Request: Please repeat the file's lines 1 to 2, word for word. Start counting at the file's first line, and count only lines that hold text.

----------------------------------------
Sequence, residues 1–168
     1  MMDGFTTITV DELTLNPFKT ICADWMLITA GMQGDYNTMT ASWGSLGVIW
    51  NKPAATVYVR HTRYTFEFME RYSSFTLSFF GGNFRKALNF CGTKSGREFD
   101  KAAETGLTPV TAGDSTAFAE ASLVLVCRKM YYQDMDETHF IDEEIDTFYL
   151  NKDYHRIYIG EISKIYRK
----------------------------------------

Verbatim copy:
Sequence, residues 1–168
     1  MMDGFTTITV DELTLNPFKT ICADWMLITA GMQGDYNTMT ASWGSLGVIW